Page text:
ASKAP is viewed as a precursor to the future $1.9 billion Square Kilometre Array, which will be built in both the Murchison and South Africa in 2018, with input in design and funding coming from 11 countries.
The SKA is expected to be the largest and most capable radio telescope.
Photo: This wide shot image taken from the ASKAP telescope over 12 hours shows distant galaxies. (Supplied: CSIRO)
ASKAP telescope image Photo: This wide shot image taken from the ASKAP telescope over 12 hours shows distant galaxies. (Supplied: CSIRO)
Murchison ideal location for project
Dr Harvey-Smith said the isolation of the Murchison region made it the perfect place for the project.
“If you could imagine trying to listen for a mouse under your floorboards hearing tiny scratching noises, you don’t want to be playing the radio very loudly in the background,” she said.
“It’s the same type of thing with the radio telescopes.
“We’re looking for tiny, tiny signals incredibly week from galaxies billions of light years away.
Under a brilliant night sky, ASKAP telescopes are pointed to the night stars Photo: Raw data from the ASKAP telescopes totals about 100 terabytes per second. (Alex Cherney)
“They’re so weak we have to amplify them millions of times with specialist electronic equipment.”
Dr Schinckel said the communications infrastructure in place to support the telescope was unfathomable.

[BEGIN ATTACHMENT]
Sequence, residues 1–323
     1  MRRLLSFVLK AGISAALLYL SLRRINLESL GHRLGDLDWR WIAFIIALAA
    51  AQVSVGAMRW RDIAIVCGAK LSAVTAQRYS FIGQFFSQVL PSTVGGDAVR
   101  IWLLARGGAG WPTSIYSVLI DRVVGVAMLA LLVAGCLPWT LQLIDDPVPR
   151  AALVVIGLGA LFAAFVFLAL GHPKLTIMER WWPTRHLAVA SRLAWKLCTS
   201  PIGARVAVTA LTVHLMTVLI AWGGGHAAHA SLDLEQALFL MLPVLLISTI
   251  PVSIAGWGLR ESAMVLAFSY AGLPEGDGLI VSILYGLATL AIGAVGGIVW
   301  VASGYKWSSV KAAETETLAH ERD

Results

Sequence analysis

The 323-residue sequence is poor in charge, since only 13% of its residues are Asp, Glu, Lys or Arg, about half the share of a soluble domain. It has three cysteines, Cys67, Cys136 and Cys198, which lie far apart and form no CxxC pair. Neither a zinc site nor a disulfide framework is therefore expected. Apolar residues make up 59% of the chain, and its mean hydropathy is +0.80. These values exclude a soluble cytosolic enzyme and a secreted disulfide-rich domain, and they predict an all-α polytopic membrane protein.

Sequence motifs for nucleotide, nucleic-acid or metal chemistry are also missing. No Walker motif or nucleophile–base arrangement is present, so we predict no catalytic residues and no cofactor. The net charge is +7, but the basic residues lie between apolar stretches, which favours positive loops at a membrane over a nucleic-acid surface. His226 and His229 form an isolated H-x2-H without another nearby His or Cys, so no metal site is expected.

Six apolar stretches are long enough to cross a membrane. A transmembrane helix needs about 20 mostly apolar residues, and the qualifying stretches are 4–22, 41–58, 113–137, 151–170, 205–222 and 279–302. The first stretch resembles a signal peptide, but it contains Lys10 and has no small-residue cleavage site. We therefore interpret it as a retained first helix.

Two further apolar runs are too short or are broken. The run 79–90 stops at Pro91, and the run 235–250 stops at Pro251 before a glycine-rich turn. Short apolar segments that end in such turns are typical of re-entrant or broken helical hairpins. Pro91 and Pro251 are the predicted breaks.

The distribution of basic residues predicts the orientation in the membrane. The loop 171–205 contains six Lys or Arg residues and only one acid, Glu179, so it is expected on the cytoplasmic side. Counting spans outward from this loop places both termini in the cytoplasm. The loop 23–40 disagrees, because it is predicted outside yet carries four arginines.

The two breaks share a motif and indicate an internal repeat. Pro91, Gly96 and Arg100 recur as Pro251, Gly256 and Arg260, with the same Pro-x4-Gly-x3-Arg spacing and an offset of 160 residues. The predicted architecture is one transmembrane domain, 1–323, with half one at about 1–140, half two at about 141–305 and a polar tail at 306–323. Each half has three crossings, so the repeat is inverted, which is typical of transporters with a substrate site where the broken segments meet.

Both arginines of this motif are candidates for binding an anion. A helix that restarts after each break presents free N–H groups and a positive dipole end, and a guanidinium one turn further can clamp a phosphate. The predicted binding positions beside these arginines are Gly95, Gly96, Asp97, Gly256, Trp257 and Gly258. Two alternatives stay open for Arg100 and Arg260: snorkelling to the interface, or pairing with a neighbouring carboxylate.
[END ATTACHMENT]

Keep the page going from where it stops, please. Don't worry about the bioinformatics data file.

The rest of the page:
“The raw data rate we get from the telescopes is about 100 terabytes per second,” he said.
“To put that in context, that’s about the entire traffic of the internet all around the world in one second.
“Luckily the super computers we have on site can very quickly reduce the data back to a more manageable volume of around about 10 gigabytes per second.
“The sheer volume of that and the speed of which that raw data comes in is truly astounding.”
Dr Harvey Smith said she could control the telescope from the comfort of her lounge room.
“As one of the research scientists, I can access the telescope from Sydney – from my house, on my laptop,” she said.
“We just send signals through the internet and tell the telescope what to do.
“It’s pretty amazing that we can have a giant international scientific facility with very few people actually out there on the site.”
It is hoped the entire network of dishes will be fully operational by March 2016.
See the full article here.
The Square Kilometre Array will be the world’s largest and most sensitive radio telescope. The total collecting area will be approximately one square kilometre giving 50 times the sensitivity, and 10 000 times the survey speed, of the best current-day telescopes. The SKA will be built in Southern Africa and in Australia. Thousands of receptors will extend to distances of 3 000 km from the central regions. The SKA will address fundamental unanswered questions about our Universe including how the first stars and galaxies formed after the Big Bang, how dark energy is accelerating the expansion of the Universe, the role of magnetism in the cosmos, the nature of gravity, and the search for life beyond Earth. Construction of phase one of the SKA is scheduled to start in 2016. The SKA Organisation, with its headquarters at Jodrell Bank Observatory, near Manchester, UK, was established in December 2011 as a not-for-profit company in order to formalise relationships between the international partners and centralise the leadership of the project.
ScienceSprings relies on technology from